In the first work, Loss of Grasp, the narrator explores the terrain of certainty as anxiety between the ‘grasp’ and its ‘loss.’ The work is divided into six fragmented modernism segments. Each segment has broken stanzas and sentences that open up the space of the grasp after its hold on things has slipped away, focusing the reader’s attention on the anxious desire experienced in loss. In each segment, the narrator has a concrete experience and the outcomes are all fallible. “My entire life, I believe I had infinite prospects before me. The whole universe belongs to me, I thought.” The visual effects of the dots are at first, controlled by the reader later the reader loose control of the dots at the same time the narrator realizes he has lost the grasp of his destiny. Pushing the limits of postmodern understand by allowing the reader to feel the loss of control by loosing control of the dots in the first segment. In the second segment things continue to be out of his control when meeting his soon to be wife. The reader experiences the writers ill-comfort feelings when presented with a series of statements and question, small talk, which slips into distorted, absurd, homonymous phrases. The third section of the segment is a poem that is both a love poem and a breakup note. In postmodern literature, it can be both rather than either love poem or breakup note. The Loss of Grasp continues with the fourth section where the narrator reads an essay from his son titled ‘I don’t have a hero’ which express a bit of resentment toward his father. The fifth section allows the viewer/reader to distort the narrator with the movement of the mouse. The hyperreality of the fifth segment shows a simulation of how the narrator feels about himself, “My own image seems to escape me.” The sixth segment begins with the narrator stating “Time to take control again.” While the narrator makes this declaration the visual part of the sequence shows that loss of grasp continues. (Heckman, David, Culture Machine).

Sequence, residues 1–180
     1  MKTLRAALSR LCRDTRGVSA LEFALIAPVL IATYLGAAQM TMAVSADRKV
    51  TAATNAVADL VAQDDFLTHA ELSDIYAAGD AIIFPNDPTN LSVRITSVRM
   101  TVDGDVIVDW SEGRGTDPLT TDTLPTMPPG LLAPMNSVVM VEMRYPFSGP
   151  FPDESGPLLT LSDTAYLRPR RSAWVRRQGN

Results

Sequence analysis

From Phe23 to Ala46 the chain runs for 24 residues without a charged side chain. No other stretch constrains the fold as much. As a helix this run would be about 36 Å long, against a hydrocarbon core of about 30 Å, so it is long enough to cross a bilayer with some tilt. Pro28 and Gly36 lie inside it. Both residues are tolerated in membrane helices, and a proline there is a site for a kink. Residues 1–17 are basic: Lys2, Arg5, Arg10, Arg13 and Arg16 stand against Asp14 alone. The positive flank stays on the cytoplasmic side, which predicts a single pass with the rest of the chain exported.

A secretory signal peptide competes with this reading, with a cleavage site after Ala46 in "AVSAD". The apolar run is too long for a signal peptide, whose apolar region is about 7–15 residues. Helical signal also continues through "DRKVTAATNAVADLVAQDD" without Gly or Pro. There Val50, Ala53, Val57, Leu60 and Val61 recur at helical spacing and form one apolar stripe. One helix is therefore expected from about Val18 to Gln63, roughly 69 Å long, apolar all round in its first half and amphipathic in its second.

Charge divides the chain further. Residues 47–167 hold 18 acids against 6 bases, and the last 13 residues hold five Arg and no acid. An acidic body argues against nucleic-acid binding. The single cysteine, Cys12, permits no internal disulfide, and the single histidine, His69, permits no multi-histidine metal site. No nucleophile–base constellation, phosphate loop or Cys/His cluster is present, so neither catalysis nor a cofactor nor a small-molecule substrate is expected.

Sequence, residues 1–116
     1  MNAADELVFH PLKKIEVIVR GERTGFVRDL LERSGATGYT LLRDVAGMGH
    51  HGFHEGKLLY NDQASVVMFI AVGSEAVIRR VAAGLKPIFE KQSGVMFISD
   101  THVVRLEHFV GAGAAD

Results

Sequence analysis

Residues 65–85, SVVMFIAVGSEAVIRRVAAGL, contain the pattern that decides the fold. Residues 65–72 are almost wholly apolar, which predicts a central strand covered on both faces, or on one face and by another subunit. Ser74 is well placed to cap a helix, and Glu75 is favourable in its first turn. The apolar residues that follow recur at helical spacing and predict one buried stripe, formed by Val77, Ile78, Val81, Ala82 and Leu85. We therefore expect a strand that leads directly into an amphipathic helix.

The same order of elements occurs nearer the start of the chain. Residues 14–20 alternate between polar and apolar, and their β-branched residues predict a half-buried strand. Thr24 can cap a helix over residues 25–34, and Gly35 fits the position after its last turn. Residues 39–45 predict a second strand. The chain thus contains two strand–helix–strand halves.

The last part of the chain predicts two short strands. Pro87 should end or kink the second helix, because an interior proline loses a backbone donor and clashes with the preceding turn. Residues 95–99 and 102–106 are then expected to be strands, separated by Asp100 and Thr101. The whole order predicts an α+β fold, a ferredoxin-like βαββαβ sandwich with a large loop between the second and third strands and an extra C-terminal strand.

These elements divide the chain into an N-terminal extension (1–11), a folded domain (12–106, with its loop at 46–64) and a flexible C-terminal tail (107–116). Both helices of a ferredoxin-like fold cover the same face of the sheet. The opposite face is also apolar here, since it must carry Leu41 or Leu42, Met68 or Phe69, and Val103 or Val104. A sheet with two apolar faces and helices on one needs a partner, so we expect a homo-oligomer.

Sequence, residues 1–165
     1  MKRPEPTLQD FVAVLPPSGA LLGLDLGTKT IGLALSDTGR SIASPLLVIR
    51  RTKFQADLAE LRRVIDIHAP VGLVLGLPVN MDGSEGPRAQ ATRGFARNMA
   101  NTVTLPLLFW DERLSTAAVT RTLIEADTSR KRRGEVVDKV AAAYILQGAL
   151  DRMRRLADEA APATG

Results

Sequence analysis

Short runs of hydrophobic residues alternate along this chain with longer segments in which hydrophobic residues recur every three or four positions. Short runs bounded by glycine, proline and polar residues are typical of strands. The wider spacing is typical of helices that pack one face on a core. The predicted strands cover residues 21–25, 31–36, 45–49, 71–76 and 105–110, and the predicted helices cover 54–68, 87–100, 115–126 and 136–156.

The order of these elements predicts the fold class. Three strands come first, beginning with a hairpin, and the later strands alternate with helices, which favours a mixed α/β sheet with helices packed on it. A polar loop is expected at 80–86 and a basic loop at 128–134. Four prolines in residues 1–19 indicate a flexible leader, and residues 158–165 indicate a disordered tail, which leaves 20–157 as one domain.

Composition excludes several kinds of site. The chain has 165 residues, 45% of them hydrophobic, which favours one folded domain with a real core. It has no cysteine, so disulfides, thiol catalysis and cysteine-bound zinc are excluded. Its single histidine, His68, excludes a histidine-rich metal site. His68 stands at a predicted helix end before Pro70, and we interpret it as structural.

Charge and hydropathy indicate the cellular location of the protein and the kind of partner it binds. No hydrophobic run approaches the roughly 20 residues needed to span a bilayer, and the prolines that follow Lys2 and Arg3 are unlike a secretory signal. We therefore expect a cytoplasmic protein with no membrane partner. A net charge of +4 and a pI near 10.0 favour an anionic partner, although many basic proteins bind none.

Underbelly has a sculptor working on a monument dedicated to the women who worked in the mines. The postmodern theory is observed when the listener hears what the sculptor hears, the female ghost of the mines expressing their desires and statements made from women miners collected in 1842, which are in contrast with the sculptor’s views. All of the voices help the sculptor thinks about her life choices while recording why and how she is working on the sculpture. In Fleshly Data: E-lit and the Post-Human Illya Szilak interview with Christine Wilks, Wilks explains why she chose to make Underbelly in sound and image form, “I felt interactivity had much more expressive potential than mere digital page-turning and I wanted to exploit that. Also, when creating with digital media on the web, I felt released from the straightjacket of linear storytelling…. I wanted to try a more cinematic approach and see if it made the experience more immersive for the player/reader” (huffingtonpost.com). Underbelly does not decide who is right or wrong she just express the experience of the women to the listener. With the use of the mouse, the listener can hear the voice of the sculptor, ghost and women miners as they explain their reality. Hearing and visually interacting with them lets the listener recognize that their reality is not only mirrored in human understanding of it, but rather, is constructed as the mind tries to understand its own particular and personal reality.

Both Underbelly and Loss of Grasp are works of fragmented modernism letting the reader feel the emotion of the main characters in each work. They both do this by allowing the reader to see the anxiety in Loss of Grasp when he realized that there is a possibility that the whole universe does not belong to him. Also in Underbelly when she thinks she is pregnant. Both through explicit visual imagery we see and experience that reality is not only mirrored in human understanding of it but rather is constructed as the mind tries to understand its own particular and personal reality. Both Loss of Grasp and Underbelly uses the postmodernist idea to give the viewer, through parts of narrative dialogue and interactive visual display, a unique experience through visual literature allowing them to expand their knowledge of each interactive text.